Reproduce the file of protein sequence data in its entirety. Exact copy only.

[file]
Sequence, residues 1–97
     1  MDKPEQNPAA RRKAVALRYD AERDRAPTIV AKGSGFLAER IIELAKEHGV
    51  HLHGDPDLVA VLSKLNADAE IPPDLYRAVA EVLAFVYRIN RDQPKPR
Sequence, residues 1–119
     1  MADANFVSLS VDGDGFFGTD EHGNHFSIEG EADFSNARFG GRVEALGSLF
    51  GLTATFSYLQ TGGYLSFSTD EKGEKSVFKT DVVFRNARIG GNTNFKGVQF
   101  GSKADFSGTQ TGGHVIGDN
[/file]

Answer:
Sequence, residues 1–97
     1  MDKPEQNPAA RRKAVALRYD AERDRAPTIV AKGSGFLAER IIELAKEHGV
    51  HLHGDPDLVA VLSKLNADAE IPPDLYRAVA EVLAFVYRIN RDQPKPR
Sequence, residues 1–119
     1  MADANFVSLS VDGDGFFGTD EHGNHFSIEG EADFSNARFG GRVEALGSLF
    51  GLTATFSYLQ TGGYLSFSTD EKGEKSVFKT DVVFRNARIG GNTNFKGVQF
   101  GSKADFSGTQ TGGHVIGDN